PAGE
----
Xing Zhou Mi Fen (星洲米粉) Malaysian Style Noodles

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A warm dish of stir fried rice noodles really hits the spot on a late winter afternoon.  Here is a recipe from guest writer, Sue Sing Lim, MS, RDN, LDN that is delicious and easy to make. Note: As presented in this version, this dish is high in sodium, so if you are following a lower sodium diet, this is a dish for “once in a while,” not everyday. To reduce the sodium, omit the extra salt in the recipe and use “no salt added” tomato paste.

Xing Zhou Mi Fen (星洲米粉) Malaysian Style Noodles

By Sue Sing Lim, MS, RDN, LDN

Xing Zhou Mi Fen is a stir fried vermicelli or rice noodle dish that is very popular in Malaysia, Singapore,  and Hong Kong.  It can sometimes be found in the United States especially in Cantonese-style Chinese restaurants. The difference between the way Xing Zhou Mi Fen is made in Malaysia versus Hong Kong (or other countries) is that Malaysian recipes usually use tomato sauce as the base; whereas Hong Kong recipes use curry powder for the base. To reminisce about the dish I used to enjoy in Malaysia, I would like to share the tomato based Xing Zhou Mi Fen.

Xing Zhou Mi Fen (星洲米粉) Malaysian Style Noodles (serves 4)

  • 1 package of rice vermicelli Dong Guan (rice sticks)
  • 2 scallions (green onion), sliced thin
  • 1 Tbsp. garlic, minced
  • 1 Tbsp. curry powder
  • 4 dried shiitake mushrooms
  • ⅛ c onion, julienned
  • ⅛ c carrots, julienned
  • 1 egg
  • 1 pound of shrimp, shelled and deveined
  • ½ c bean sprouts, rinsed
  • 3 Tbsp. canola oil
  • Sauce:
  • 4 Tbsp tomato paste
  • ½ c water
  • 2 tsp. salt
  • cilantro, chopped finely, to garnish

Directions:

1.     Soak rice noodles in hot water for 5 minutes. When noodles are soft, drain, and set aside.

2.     At the same time, in a separate bowel, soak dried shiitake mushrooms in hot water for 5 minutes. When mushrooms are soft, drain and cut into bite size pieces.

3.     Shell and devein shrimp. (If using frozen shrimp, defrost them under cold running water.)

4.     Add 2 Tbsp. canola oil to a large wok or skillet and heat on high.  Add curry powder, garlic, onion, carrots, and shiitake mushrooms. Stir and cook for 3-5 minutes until vegetables are soft.  Remove from wok and set aside.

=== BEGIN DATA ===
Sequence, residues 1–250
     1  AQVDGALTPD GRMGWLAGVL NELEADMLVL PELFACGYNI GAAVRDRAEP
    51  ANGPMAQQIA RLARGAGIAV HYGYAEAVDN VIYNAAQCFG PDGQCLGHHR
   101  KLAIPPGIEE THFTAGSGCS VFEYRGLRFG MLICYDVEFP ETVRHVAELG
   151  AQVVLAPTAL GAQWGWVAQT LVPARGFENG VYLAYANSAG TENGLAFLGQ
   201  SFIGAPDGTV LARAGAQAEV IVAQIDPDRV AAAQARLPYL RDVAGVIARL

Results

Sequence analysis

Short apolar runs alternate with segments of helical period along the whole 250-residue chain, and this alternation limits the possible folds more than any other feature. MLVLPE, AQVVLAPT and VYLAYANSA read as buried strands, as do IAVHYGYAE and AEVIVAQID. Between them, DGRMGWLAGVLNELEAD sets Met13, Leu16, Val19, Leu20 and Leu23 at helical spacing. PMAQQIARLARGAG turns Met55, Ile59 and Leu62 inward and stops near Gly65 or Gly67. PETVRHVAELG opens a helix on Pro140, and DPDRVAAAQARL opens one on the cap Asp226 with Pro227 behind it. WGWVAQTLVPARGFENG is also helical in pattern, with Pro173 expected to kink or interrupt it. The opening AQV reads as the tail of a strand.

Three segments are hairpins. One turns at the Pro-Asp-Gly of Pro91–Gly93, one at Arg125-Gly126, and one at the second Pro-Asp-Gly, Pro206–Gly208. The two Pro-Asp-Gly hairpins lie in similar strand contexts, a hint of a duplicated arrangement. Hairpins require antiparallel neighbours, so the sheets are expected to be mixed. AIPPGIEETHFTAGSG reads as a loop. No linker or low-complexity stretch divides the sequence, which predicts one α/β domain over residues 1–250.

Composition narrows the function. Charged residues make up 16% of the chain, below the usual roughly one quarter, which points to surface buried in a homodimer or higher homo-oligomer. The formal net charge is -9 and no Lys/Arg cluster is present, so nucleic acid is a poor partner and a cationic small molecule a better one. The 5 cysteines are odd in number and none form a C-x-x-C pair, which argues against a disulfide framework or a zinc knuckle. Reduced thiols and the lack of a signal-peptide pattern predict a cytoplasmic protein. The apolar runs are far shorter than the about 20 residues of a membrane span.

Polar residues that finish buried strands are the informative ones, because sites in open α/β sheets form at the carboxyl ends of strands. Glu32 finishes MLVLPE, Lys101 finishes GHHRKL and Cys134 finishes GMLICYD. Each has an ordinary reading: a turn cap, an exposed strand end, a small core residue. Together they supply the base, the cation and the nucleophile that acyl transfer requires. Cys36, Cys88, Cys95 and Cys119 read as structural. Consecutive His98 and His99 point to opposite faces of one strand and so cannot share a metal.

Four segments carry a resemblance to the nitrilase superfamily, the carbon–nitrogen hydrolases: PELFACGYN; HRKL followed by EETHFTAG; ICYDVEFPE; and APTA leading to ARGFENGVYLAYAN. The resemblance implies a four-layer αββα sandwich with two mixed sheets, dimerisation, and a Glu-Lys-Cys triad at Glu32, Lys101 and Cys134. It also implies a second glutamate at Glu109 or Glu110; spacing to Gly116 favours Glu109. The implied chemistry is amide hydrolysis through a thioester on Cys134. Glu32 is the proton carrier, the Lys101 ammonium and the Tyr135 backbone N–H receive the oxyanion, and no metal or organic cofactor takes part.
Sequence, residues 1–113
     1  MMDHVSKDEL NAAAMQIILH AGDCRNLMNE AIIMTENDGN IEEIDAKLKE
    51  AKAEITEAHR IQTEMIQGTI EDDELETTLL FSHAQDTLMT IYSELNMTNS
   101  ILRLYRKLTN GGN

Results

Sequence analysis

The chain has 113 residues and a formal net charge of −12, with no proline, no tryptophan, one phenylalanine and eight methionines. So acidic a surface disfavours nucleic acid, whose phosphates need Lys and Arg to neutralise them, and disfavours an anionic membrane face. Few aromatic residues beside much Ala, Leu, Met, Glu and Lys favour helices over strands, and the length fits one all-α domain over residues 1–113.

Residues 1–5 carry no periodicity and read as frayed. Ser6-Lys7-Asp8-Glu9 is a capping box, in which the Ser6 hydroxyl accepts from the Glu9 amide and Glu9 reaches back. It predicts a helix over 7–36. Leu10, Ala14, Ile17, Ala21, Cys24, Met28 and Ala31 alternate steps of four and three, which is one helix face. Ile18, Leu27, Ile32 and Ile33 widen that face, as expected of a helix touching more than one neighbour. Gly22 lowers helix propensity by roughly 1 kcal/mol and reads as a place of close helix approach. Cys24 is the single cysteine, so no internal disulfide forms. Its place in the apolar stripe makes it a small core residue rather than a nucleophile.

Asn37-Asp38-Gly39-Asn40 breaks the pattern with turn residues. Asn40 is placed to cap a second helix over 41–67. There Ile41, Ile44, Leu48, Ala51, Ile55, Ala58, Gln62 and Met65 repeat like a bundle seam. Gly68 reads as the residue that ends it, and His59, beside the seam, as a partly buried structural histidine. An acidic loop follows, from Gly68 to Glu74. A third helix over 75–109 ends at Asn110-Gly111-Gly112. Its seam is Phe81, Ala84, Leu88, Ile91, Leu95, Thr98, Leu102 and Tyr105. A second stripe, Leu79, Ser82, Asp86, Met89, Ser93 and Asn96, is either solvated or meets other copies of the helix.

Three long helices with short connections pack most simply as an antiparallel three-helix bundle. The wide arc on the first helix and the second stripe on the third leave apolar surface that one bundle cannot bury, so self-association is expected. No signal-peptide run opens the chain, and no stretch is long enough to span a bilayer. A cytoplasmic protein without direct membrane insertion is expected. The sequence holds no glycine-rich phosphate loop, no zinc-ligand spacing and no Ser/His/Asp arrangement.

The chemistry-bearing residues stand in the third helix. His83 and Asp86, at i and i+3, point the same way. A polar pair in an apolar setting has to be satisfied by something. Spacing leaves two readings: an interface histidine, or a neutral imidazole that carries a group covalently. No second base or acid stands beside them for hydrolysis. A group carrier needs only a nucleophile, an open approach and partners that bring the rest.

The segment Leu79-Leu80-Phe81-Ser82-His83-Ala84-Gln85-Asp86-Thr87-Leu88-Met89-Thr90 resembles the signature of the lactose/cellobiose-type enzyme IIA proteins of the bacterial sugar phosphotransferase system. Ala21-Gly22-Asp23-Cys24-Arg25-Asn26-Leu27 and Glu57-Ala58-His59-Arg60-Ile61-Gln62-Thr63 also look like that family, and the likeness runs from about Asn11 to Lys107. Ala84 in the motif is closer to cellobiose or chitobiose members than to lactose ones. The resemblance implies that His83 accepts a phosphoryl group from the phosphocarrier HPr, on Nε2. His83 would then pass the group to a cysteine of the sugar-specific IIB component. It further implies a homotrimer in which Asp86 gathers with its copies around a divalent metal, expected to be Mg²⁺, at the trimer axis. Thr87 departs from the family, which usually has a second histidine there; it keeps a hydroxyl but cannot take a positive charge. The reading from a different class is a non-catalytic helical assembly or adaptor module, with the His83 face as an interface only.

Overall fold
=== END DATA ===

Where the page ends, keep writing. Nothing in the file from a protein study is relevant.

5.     Scramble egg in a small bowl and add to the hot wok. Stir until cooked. Remove from the wok and set aside.

6.     Add shrimp to the hot wok, stir and cook until done. Remove from the wok and set aside. Do not overcook.

7.     Add 1 Tbsp. canola oil to hot wok. Add onion carrot mixture, bean sprouts, cooked egg, shrimp and rice noodles.

8.     Add tomato paste and water and mix well.  Cook for approximately 3 minutes or until bean sprouts are soft and crunchy.

9.     Season with salt.

10.  Place on serving platter and top with cilantro garnish. Serve immediately while it is hot!

Note: In Chinese cooking, we always cook ingredients separately to ensure we do not cook anything for too long which could affect the texture. We will also add the fastest cooking ingredients last. You may choose to add oil when you cook each of the ingredients separately but if you have a non-stick pan, or there is still some oil left on the pan, then you do not need to add more oil. Be careful to not add too much oil when you are cooking the separate elements of the dish, as the amount of oil can quickly add up.

I hope you enjoy this Malaysian style fried rice vermicelli, Xing Zhou Mi Fen!

Approximate nutrition information per serving:  390 calories;  12 grams fat; 1.5 grams saturated fat; 0 grams transfat;  230 mg cholesterol;  810 mg sodium;  44 grams carbohydrate;   2 grams dietary fiber;  26 grams protein.

Sue Sing Lim, MS, RDN, LDN is in charge of providing nutrition assessment and diet instruction for a hospital in Georgia.  She is an expert on Malaysian and Chinese cuisine

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Barbara Spalding RDN Culinary Dietitian

Hi, I am

Barbara Spalding MS, RDN, Culinary Dietitian

As a dietitian and world traveler, I love bold flavors — in food and in life. 14 years ago, I fell down the rabbit hole into Breast Cancer Wonderland. Since then, I’ve learned to cook differently while savoring the pleasures of food and companionship. I’ve built a resilient new life and a bold new kitchen. Let me show you the flavors of the world.
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Xing Zhou Mi Fen (星洲米粉) Malaysian Style Noodles
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Course
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